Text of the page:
UPenn's Robockey Cup Looks Like Fun, Even At Night

UPenn disguises practical robotics course with autonomous hockey, reportedly makes learning fun

1 min read
UPenn's Robockey Cup Looks Like Fun, Even At Night

We're onto you, University of Pennsylvania School of Engineering. You say you're teaching your students about computer-controlled electromechanical systems, but really, it's all just one big excuse to host your own robockey tournament every year. You're not fooling anyone, even if you host your matches at night.

The final exam in UPenn's Design of Mechatronic Systems class has the students designing a mechatronic system in the form of a small team of autonomous hockey-playing robots. These teams of robots face off against each other in a big tournament of "robockey" (not robohockey, but robockey), where I assume the winning team gets an A+ and everyone else fails the course. Watch some of the action unfold in the video below:

I guess sometimes these robockey matches even take place in the dark, with admittedly cool results like the picture at the top of this article. Here's another one, just for kicks:

Not bad for a team of unintentionally artsy robots. Long-exposure Roomba and friends would be proud.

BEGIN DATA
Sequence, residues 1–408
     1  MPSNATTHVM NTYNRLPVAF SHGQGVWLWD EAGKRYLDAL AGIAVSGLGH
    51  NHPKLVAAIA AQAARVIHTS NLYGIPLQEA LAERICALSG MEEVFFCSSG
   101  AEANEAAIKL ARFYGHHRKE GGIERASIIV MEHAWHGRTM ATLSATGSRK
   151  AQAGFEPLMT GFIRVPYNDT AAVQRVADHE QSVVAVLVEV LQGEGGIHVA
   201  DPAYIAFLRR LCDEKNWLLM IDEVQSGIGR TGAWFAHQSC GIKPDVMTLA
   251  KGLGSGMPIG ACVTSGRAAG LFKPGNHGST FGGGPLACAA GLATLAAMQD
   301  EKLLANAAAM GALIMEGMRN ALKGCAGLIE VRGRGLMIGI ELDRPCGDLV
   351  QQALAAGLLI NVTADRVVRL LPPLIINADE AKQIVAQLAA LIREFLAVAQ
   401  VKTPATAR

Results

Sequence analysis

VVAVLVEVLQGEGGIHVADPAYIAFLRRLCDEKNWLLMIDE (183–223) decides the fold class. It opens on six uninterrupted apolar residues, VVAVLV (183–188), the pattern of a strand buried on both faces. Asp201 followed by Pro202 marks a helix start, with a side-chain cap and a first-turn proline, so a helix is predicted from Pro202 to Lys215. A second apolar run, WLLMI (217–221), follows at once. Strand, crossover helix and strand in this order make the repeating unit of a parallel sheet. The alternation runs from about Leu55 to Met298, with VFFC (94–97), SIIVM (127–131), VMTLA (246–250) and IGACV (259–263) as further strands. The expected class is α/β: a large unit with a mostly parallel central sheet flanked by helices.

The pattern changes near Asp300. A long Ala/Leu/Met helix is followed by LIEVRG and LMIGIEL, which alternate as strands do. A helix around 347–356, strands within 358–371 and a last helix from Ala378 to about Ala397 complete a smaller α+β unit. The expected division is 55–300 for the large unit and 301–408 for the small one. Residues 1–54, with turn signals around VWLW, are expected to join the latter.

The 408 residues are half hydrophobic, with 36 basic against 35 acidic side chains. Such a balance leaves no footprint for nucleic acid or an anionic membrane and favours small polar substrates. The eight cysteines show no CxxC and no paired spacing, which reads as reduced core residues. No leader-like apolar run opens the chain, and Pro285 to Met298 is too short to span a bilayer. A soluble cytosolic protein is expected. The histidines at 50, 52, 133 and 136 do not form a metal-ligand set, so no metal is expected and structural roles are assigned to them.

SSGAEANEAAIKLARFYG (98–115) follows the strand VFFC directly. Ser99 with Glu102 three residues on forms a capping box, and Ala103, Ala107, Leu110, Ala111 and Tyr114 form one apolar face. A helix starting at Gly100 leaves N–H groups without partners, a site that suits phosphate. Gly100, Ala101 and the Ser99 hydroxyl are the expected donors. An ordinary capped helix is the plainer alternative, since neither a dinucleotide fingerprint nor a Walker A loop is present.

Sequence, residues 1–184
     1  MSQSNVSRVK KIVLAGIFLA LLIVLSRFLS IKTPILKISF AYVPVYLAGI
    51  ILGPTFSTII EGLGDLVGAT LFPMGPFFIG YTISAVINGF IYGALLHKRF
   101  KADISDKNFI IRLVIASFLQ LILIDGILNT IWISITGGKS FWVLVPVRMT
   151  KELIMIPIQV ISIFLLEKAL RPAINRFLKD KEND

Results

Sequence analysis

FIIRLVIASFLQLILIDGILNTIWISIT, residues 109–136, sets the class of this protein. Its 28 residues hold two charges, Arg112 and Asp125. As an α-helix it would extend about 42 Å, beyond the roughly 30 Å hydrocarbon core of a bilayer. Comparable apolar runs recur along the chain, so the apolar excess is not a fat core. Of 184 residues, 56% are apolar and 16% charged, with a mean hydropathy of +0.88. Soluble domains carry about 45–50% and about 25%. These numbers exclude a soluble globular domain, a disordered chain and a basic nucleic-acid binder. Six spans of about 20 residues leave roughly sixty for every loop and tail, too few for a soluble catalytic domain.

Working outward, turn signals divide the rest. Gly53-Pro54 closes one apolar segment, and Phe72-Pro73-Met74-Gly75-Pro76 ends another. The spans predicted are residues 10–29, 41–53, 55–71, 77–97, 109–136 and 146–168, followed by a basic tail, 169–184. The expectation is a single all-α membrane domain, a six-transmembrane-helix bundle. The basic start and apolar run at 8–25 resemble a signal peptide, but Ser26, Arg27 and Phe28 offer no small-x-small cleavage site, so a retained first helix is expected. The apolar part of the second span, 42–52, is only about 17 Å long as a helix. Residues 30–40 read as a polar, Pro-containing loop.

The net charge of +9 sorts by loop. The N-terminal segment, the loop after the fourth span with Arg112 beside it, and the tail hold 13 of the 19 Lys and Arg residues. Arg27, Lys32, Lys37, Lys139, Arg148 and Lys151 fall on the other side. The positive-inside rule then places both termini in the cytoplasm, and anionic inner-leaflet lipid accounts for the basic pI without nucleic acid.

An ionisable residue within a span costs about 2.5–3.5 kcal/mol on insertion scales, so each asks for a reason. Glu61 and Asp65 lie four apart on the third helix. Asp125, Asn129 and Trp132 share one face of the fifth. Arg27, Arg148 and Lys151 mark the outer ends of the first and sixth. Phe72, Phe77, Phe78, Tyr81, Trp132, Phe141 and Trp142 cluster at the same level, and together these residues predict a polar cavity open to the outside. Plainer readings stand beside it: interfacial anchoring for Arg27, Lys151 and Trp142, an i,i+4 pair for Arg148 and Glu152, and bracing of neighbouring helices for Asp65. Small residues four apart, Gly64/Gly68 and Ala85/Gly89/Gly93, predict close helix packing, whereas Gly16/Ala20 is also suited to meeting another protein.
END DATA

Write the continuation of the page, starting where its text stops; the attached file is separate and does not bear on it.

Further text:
Via [ UPenn ]

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The Bionic-Hand Arms Race

The prosthetics industry is too focused on high-tech limbs that are complicated, costly, and often impractical

12 min read
A photograph of a young woman with brown eyes and neck length hair dyed rose gold sits at a white table. In one hand she holds a carbon fiber robotic arm and hand. Her other arm ends near her elbow. Her short sleeve shirt has a pattern on it of illustrated hands.

The author, Britt Young, holding her Ottobock bebionic bionic arm.

Gabriela Hasbun. Makeup: Maria Nguyen for MAC cosmetics; Hair: Joan Laqui for Living Proof

In Jules Verne’s 1865 novel From the Earth to the Moon, members of the fictitious Baltimore Gun Club, all disabled Civil War veterans, restlessly search for a new enemy to conquer. They had spent the war innovating new, deadlier weaponry. By the war’s end, with “not quite one arm between four persons, and exactly two legs between six,” these self-taught amputee-weaponsmiths decide to repurpose their skills toward a new projectile: a rocket ship.

The story of the Baltimore Gun Club propelling themselves to the moon is about the extraordinary masculine power of the veteran, who doesn’t simply “overcome” his disability; he derives power and ambition from it. Their “crutches, wooden legs, artificial arms, steel hooks, caoutchouc [rubber] jaws, silver craniums [and] platinum noses” don’t play leading roles in their personalities—they are merely tools on their bodies. These piecemeal men are unlikely crusaders of invention with an even more unlikely mission. And yet who better to design the next great leap in technology than men remade by technology themselves?

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